Health-care regulatory revamp on Scott's desk

Gov. Rick Scott's desk (Photo courtesy: Governor's Office)

Gov. Rick Scott has until March 27 to take action on a broad regulatory bill that would affect health-care providers throughout the state.

Among other things, the bill would eliminate a longstanding state HMO review panel, make changes to the state’s assisted-living facility licensure requirements and roll back licensure requirements for clinical laboratories.

Sen. Denise Grimsley, a Sebring Republican who sponsored the bill (SB 622), told The News Service of Florida that she was able to get the measure passed after the House agreed to withdraw a number of amendments.

Grimsley, who is running for state agriculture commissioner this year and won’t return to the Senate, said she asked the House to not amend the bill.

If amendments had been added, the bill would have needed to go back to the Senate for more consideration.

“They obliged,” Grimsley said. “After five years, it passed.”

In part, the bill would eliminate the Statewide Provider and Subscriber Assistance Panel, which was created more than 30 years ago to review complaints against HMOs on a host of issues ranging from enrollment and disenrollment procedures to quality-of-care concerns.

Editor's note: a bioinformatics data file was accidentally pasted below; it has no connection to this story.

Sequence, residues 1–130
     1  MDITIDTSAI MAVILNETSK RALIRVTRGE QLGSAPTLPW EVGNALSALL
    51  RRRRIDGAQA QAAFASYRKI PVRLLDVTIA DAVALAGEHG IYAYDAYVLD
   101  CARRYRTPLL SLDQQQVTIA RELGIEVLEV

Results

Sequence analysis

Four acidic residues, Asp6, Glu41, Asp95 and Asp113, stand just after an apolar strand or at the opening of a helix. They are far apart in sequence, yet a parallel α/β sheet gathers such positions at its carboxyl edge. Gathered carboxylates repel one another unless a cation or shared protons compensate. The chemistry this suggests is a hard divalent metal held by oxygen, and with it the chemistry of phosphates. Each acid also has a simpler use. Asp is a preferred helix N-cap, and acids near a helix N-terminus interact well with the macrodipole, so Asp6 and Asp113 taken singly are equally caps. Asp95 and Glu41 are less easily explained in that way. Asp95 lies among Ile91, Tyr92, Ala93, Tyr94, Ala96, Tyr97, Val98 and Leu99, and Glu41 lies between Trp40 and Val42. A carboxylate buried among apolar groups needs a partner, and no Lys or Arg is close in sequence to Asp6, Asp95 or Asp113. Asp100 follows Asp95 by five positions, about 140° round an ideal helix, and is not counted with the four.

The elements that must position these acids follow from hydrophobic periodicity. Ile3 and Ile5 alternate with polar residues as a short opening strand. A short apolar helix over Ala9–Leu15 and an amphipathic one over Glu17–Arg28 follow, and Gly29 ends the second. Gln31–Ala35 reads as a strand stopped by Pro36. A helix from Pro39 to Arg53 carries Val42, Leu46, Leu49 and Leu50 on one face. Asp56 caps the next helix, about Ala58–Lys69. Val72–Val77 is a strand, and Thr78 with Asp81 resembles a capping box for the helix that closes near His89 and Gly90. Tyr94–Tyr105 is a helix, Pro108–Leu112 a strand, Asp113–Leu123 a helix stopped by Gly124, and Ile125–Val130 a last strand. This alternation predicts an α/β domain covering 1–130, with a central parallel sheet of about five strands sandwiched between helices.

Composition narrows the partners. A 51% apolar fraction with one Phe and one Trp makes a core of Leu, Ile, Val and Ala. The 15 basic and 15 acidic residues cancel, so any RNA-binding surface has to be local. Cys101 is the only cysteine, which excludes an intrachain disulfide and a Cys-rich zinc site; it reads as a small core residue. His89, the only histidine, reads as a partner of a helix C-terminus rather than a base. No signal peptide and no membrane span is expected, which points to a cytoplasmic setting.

The agency recommended eliminating the panel because many health plans choose to participate in a managed-care external review program available under the federal Affordable Care Act.

The bill also would change the state’s assisted-living facilities laws to tighten up a licensure exemption for any person who houses or cares for one or two people in a home.

The bill makes clear that the home must be the person’s permanent residence.

The bill also would amend ALF licensure requirements to make clear that it’s a third-degree felony to rent or maintain an unlicensed ALF.

The bill also would amend current law spelling out ALF residents’ “rights” to make clear they have the right to assistance with obtaining access to adequate and appropriate health care, including management of medications, assistance in making health-care appointments and help with transportation to appointments.

Clinical laboratories would no longer be licensed by the state under the bill. Instead, the state would rely on the federal government to continue to license the facilities.

The bill was formally sent Monday to Scott, who can sign, veto or let the measure become law without his signature.